Bay Tours

Last week’s post on places to find a good hamburger in Redwood City really seems to have struck a chord with my readers. Not only did I get a number of helpful corrections—I missed one or two of the big-chain fast-food restaurants and mistakenly identified one as being on Veterans when it was in fact on Broadway—but other readers suggested a handful of places that I didn’t mention. This was either because I simply didn’t know about them or because I’ve dined at the reader’s suggested location but never actually ordered their burger. It just goes to show how many choices we have for a good burger here in Redwood City. And if we have that many good burgers, we likely also have a commensurate number of good pizza places, good Italian food restaurants, good Mexican food restaurants, etc… For those of us who occasionally eat out, this is a very good time to be living in or near Redwood City.

My August 4 post, Take a Walk on the Water Side, also received some good comments. Hopefully those comments indicate that several of you followed my suggestion to take a walk out on or near Bair Island, through Docktown, and around the Inner Harbor area. After posting that particular article on Friday, the next morning I received a call from some close friends asking if my wife and I would walk that area with them. We agreed, and thus on the morning after writing about the area I found myself once again walking through it, this time with my wife and another couple in tow.

We parked in the lot for the Don Edwards San Francisco Bay Wildlife Refuge, and because it is close to Blu Harbor we elected to take a spin through that development. I was pleased to see that some more of the construction fences had been taken down, making the public path along the shoreline fully accessible. After looping around to Blu Harbor’s marina area (which for now remains devoid of boats) we decided to see if we could get a tour of the apartments themselves.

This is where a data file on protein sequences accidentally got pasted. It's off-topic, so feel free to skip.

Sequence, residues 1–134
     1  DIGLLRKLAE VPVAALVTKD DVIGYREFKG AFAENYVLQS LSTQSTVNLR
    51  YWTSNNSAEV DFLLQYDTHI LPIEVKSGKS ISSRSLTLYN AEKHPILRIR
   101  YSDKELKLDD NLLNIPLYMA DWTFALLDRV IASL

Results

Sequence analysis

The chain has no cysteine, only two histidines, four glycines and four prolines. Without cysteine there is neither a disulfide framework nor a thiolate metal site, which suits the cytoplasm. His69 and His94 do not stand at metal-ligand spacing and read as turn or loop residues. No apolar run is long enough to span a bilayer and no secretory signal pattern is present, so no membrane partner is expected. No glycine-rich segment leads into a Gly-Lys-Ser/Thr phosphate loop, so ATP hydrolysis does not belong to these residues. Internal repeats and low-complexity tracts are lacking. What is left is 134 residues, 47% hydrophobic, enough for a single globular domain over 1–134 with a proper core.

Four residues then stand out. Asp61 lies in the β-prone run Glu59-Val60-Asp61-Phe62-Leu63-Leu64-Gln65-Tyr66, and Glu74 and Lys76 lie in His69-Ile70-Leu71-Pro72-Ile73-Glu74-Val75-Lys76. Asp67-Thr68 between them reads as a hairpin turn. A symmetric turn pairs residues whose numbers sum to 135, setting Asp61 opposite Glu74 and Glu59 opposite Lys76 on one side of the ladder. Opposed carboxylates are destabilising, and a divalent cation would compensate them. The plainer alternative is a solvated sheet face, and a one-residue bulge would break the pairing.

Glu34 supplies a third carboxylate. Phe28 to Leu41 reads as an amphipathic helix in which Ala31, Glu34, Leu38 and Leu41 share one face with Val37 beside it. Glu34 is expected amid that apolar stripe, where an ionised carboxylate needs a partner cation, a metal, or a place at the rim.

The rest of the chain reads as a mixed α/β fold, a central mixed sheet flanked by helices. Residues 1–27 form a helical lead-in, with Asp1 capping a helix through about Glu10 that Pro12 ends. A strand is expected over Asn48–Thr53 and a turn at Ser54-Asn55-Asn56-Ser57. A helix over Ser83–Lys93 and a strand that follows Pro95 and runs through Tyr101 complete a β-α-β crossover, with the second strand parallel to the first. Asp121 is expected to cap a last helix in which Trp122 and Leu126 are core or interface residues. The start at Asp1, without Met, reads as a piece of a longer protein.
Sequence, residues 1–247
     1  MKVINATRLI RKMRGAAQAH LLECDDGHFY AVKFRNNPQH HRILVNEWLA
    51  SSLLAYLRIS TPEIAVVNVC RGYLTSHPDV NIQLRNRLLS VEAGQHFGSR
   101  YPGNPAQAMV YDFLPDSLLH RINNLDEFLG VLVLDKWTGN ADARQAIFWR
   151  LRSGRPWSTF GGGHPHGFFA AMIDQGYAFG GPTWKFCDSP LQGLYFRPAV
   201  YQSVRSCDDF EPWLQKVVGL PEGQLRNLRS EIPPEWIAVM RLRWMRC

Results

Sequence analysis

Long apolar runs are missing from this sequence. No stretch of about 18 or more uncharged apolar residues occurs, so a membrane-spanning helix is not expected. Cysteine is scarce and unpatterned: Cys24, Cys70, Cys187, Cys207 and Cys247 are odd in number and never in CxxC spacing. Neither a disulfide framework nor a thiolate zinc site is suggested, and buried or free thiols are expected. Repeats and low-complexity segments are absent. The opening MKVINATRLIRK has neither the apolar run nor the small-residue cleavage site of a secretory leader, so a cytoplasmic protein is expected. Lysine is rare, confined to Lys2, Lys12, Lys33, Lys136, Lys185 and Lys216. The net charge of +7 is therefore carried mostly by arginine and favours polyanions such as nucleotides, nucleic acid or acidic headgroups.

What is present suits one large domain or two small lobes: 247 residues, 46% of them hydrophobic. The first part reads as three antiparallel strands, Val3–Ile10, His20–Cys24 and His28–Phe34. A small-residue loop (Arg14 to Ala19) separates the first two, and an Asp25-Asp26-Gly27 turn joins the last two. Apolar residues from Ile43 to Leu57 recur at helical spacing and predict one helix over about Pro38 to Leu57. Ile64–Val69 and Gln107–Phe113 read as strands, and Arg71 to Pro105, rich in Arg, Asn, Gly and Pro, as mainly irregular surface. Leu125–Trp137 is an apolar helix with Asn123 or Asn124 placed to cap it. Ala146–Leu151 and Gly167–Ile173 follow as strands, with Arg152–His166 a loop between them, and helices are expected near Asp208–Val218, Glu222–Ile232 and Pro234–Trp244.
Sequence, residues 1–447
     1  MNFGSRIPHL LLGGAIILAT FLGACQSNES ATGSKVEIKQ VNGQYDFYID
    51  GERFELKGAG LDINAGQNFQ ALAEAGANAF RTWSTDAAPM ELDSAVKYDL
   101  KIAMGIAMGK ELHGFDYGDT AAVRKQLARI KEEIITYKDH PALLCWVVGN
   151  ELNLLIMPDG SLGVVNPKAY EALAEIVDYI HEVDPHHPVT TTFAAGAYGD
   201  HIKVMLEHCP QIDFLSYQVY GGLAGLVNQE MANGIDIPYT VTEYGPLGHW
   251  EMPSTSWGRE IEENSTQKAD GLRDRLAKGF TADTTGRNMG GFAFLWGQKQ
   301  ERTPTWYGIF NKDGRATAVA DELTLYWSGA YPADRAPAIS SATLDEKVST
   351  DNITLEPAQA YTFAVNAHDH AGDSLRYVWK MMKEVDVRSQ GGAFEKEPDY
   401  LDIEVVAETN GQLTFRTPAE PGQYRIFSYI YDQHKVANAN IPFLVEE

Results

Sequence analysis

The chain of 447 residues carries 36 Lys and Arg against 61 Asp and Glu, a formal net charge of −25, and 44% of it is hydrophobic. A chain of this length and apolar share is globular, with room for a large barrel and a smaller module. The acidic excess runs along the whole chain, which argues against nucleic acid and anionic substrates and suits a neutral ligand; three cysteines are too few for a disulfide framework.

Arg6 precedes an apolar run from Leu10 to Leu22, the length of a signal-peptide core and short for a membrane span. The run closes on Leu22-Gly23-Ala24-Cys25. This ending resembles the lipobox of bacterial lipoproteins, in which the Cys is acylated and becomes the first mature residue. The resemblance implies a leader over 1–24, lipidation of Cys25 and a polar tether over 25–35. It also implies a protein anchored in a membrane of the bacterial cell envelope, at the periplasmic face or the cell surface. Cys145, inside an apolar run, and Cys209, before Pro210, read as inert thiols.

The leasing office for Blu Harbor is in the community clubhouse, which also boasts a community kitchen and lounge, a pool table, a small computer center, a “wellness center” (that includes fitness equipment, a yoga studio, and a spa), an outdoor “cucina” (with BBQ grills and a pizza oven), a salt-water pool, and various other amenities. We were greeted by Blu Harbor’s leasing agent, who was between appointments and thus agreed to give us an impromptu tour.

She began with the clubhouse, which certainly seems impressive. I’d be curious to know what it will be like when it is in use: given the number of apartments in the complex (just over 400) I hope it is large enough. Certainly the developer seems to have spared little expense in assembling the various amenities available to Blu Harbor’s residents. We were especially taken with the yoga studio’s “video-taught classes”: press a button and a screen drops down from the ceiling, upon which is projected a prerecorded Yoga instructor who will take you through a selected routine.

After touring the clubhouse, we were then taken to a nearby building in which there was a furnished one-bedroom model apartment. We were very impressed by the high-end finishes used throughout. Although I wasn’t taking pictures that day, Blu Harbor’s website has a bunch; here is one of their photos showing that first unit’s kitchen: